• The people of Okinawa start a meal by saying “hara hachi bu”, which roughly means “eat until you are 80% full”. They eat slowly and they stop before getting full. Thanks to this habit Okinawans are accustomed to living on less calories – only 1200 – than other populations. These eating habits reflect their cultural values of respecting moderation and balance. Let’s try to eat less, but more nutrition-rich food, eaten slowly, just as the Okinawans do.
  • Last but not least, the Okinawans lead a peaceful, stress-free lifestyle. They wake up at sunrise and go to bed at sunset. There is no rush and no artificial stress in their lives. They meditate, follow the rhythm of nature and they are very optimistic and positive people. It’s a useful lesson to learn from them to limit our exposure to stress and learn to cope with it.

Let us all follow the Okinawans and live long and healthy!

Eddie Levin, Pinterest

If you are interested in The Okinawa Centenarian Study in more detail, the official website is as follows:

Cherish Charity

Charity is a very long-established concept. All the main religions embrace it, in one way or the other. Charity is very much in line with both religious philosophy and general, securlar concerns about humanity. In addition to religious bodies numerous foundations, trusts, non-governmental organizations and philanthropic individuals work for good causes all over the world.

There are the big names in the “industry” such as Oxfam, the Red Cross and Red Crescent Societies and the Bill & Melinda Gates Foundation that many heard of. These tend to run by professional staff, have huge budgets, receive generous donations and can have a significant impact on globally pressing matters. In addition to the big “brand-name” charities, there are also small, local organizations and little charity shops that work with local staff and volunteers, tackling small-scale but significant problems in their locations.

Today’s post aims to promote the work of the small charities and seeks to encourage you to get involved, give support and help the needy. Some of these points will be well known to a number of you.  However, it may be beneficial to remind ourselves from time-to-time of the benefit of charitable endevors.

It is a nice idea to offer small donations if you have the means. Even small contributions can make a difference, especially if enough of us contribute a little for a good cause. Little by little substantial amounts may be raised and thus big goals can be realized. Nevertheless, charity does not solely equate to monetary donations. Contributions via volunteer work, time and effort also counts and sometimes it is even more valuable than simply opening our purses and wallets. Sacrificing our time or offering our skills are equally charitable acts.

CharityShopKatie Wright, The Telegraph

If you wish to get involved but don’t know how to start, here are five tips to help you to get started:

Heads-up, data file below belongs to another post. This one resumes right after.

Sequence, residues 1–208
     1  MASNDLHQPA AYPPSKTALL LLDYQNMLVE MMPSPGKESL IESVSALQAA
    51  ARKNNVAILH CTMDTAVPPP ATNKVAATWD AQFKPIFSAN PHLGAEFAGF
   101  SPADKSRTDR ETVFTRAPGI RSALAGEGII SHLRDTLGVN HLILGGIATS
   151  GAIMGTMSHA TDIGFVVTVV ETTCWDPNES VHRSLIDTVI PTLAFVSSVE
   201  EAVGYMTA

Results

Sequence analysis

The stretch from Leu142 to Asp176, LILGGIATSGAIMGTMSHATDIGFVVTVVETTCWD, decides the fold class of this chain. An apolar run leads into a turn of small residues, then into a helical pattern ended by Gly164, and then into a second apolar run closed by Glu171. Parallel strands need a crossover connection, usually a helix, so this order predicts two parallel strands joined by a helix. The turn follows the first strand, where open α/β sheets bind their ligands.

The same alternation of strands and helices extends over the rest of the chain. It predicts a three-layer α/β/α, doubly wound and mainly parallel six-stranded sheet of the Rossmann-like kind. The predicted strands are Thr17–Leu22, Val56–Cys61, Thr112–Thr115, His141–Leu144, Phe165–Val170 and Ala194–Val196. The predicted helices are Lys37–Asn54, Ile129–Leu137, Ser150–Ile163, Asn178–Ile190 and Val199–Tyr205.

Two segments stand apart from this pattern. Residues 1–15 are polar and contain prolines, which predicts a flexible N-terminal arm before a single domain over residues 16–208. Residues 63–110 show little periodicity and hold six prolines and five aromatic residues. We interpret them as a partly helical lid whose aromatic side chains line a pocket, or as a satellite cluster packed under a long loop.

1. Offer your unnecessary items for the needy – things that you don’t need or don’t use but are still in good condition. Unwanted presents and clothes that you haven’t worn for a few years, or household items that are sitting around in your house without any plans to use them will be appreciated by someone else. You can do so via the nearest charity or religious organization. Contact them or look out for collection boxes, where you can place your items.
  2. Help out at one of the local charities. If there isn’t any in your area, you can offer your help to the local nursery, school, old people’s home or the social department of your municipality, the public library, the local hospital or an animal shelter. The choice is abundant. Teachers and social workers tend to be overworked and underpaid so they will probably welcome your giving a helping hand, even if it is only for an hour or two. Whatever your skills are, somewhere both your time and your skills will be useful and very much appreciated.
  3. If you are into sports, sign up for a charity run or walk. The concept is getting more and more popular and lots of money may be raised to support you on your charity run or walk.  The secondary benefit of such an endeavor will be your increased fitness level! Check out to find an event you may be interested in.
  4. Offer a little cash for a microfinance loan offered to low-income people or individuals without access to credit. A microfinance loan can help disadvantaged people to launch a small business or fulfill their diverse needs. Check out Kiva and choose a little project that you would be happy to lend your money to:
  5. Sponsor a child in a developing country.  Organizations such a and allow you to review profiles of children in various corners of the planet who need help with basics, such as access to clean drinking water and education.
Children in AfricaChildren in Africa by Jonathan Tolleneer
on Pinterest